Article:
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Superheroes from the Bronx

They do it for the love of comic art, to help change lives of the children in their community, and to rejuvenate comic art in the Bronx. Ed Mouzon and his partners are some of the key players in the independent comic art movement, started in the ’90s, that is responsible for reviving the deep-rooted comic art heritage in the Bronx.

The Bronx is his inspiration, Mouzon said. “I only need a pencil to doodle what I visualize in the streets of the Bronx.”

Mouzon’s draftsmanship is rich in details and colors, and his characterizations are filled with nuance. The 47-year-old said he has drawn 9,000 comic characters just by observing the streets. “The Bronx is a fertile soil for me,” he said.”These characters are us.”

In the early ’90s when the indie comic came into its own, a team of local comic artists, including Mouzon and his longtime friend Gary Camp, founded  Creative One Comics, an independent comic publishing group based in the Bronx. “We just sat at a round table, and said there will be no hierarchy among us, thus we shall call it ‘One’,” Mouzon said.

Their mission was to focus on intelligent storytelling and promote positive messages — and to stay “independent”.

They maintained a roving office with no permanent space for a studio. “Our studio is where ever we are,” Mouzon said. “We meet at our own areas. We connect with young artists at open door spaces. We do it at a dining table, or while watching a horror movie, I even do the planning during the train trips.”

Creative One Comics publishes many books about Bronx politics and society: The BlakelyverseAn Industrial Strength taste-testLa Mala NocheLittle Miss Strange, and Pozitron. But the remarkable breakthrough was Bronx Heroes — a three-part mini series and a political statement in the guise of a comic book.

Bronx Heroes was first issued in 2007. “It moved us the most, it brought us an audience,” said Mouzon. “It got us in conventions, but it was only a bridge to what’s next for us.”

The sweeping story-telling enthusiasm has brought Mouzon and his partners a ringside view of the United States and Bronx history. “History was the glue for all our Bronx heroes,” said Mouzon.

Camp, 42, said, “We take history events like the Great Depression, and the 70s when the Bronx was burning, and spin it in a way, on superheroes.”

Mouzon, a Bronxite by birth and upbringing, studied zoology in college in Massachusetts but is a self-taught artist. He attended St. Raymond High School for Boys at a time when budget cuts meant no art classes.

“I started drawing when I was 4,” he said. “I was a good visualizer.”

Comic art became for him an act of redemption and a sacred calling especially after he  had  tumor in his right eye when he was 14 that almost cost him his sight.

Mouzon eventually returned to St. Raymond to teach art.  “I teach visual art, filmmaking, and storytelling, but above all I give the kids the spirit on how to become successful,” he said.

“Mouzon is very attached to his students,” Camp said. “I appreciate him for keeping it to the kids.”

Mouzon said he wants his students to surpass him. One example is a former student he urged to study art at the University of Southern California. “This kid is an intern now at Disney,” Mouzon said.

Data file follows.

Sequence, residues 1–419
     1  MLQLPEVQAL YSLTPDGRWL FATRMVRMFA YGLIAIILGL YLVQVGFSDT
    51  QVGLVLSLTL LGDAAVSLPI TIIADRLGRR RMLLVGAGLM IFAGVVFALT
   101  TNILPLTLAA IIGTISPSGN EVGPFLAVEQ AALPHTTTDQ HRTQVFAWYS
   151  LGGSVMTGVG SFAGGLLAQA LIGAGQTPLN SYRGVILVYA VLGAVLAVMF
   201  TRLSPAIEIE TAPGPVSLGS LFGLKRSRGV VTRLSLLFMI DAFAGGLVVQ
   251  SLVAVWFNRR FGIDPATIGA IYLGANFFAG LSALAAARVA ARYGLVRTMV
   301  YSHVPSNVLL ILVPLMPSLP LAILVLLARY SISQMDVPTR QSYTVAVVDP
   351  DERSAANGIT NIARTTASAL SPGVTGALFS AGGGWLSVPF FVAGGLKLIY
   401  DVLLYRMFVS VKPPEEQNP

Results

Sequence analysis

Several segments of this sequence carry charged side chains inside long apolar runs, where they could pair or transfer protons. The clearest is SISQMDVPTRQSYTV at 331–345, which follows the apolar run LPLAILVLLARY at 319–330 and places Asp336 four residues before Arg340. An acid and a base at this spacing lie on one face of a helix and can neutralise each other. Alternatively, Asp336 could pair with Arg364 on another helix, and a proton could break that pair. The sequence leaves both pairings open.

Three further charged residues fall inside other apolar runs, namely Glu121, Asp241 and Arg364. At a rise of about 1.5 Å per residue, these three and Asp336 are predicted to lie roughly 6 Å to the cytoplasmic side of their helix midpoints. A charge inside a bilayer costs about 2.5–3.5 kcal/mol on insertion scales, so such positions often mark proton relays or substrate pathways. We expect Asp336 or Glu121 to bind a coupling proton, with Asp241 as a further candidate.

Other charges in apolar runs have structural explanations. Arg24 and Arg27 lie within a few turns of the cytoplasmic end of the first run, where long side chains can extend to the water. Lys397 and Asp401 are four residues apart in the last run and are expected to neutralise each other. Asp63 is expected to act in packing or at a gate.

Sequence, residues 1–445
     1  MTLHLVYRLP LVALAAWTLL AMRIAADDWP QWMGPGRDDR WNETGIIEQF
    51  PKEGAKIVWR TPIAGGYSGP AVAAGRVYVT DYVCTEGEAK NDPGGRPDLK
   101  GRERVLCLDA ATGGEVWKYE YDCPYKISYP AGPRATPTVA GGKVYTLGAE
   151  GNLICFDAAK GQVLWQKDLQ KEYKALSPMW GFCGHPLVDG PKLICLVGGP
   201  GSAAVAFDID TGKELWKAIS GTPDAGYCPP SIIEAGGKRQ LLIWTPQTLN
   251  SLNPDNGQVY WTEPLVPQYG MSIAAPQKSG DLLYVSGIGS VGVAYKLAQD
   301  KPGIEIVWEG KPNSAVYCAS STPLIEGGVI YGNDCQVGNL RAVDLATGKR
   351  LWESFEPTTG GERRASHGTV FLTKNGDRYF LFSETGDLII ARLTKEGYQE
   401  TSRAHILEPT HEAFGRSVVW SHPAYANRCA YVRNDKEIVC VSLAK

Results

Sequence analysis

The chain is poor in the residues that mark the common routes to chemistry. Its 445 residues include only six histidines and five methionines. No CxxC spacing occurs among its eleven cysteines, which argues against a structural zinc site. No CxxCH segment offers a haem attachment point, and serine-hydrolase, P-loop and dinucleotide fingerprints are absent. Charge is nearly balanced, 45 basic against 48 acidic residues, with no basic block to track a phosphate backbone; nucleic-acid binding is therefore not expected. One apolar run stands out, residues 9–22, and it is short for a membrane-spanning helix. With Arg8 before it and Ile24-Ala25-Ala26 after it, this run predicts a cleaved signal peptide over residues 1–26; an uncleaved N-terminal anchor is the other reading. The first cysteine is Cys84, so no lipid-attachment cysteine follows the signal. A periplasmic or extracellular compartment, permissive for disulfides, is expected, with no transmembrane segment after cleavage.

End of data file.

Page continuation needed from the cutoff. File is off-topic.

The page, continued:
Mouzon also works with community centers in the Bronx to promote art within the borough.

At the moment, he is working with The Bronx River Art Center and students from the Junior High School at Morrison Avenue on an environmental awareness comic book. “It’s called Bronx Go Green,” said Mouzon, who meets once a week with 15 kids to work on the environmentally themed heroes drawings. “It’s the kids’ initiative and effort,” Mouzon said. “I am only putting it together, playing the role of a publisher.”

Ed Mouzon and Gary Camp showing some comic sketches (MAHMOUD SABBAGH/The Bronx Ink)

Mouzon and his partners think of themselves as community activists.

“We are not making money,” said Camp. “We don’t work for DC Comics or Marvel. I appreciate Spiderman, but if we work there, we won’t be able to be as active in the Bronx community.”

“Here we can help the kids, do conventions, write for the kids, and be able to immerse ourselves in the community to personify street characters from the Bronx,” said Mouzon.

He added: “We keep our day jobs to pay the bills, then we do it for the love.”

The group’s future plans includes re-launching the Creative One Comics website, and creating a studio to branch out into visual art, urban street art, video games art, to get a wider appeal and to expand the niche, as they continue publishing.

They also plan to publish a new series called Old City — a series of multicultural heroes who build collective power to fight crime, injustice, racism and social prejudice during the the Great Depression. Taking some of the characters from their old series,  Bronx Heroes, the new series aims to focus on the Bronx’s multicultural mix.

Many of the greatest comic artists of the past century — Stan Lee, Will Eisner, John Collins, Bob Kane — lived in the Bronx.

“It’s a legacy that we have give to the next generation, or it will die,” said Mouzon.

He added: “We just want to make books in a collective effort. That’s our model.”

For now, Mouzon and his partners enjoy their vision of success. They make no secret of their credo. It’s on the cover page of the last issue of Bronx Heroes: they “will not yield to evil.”

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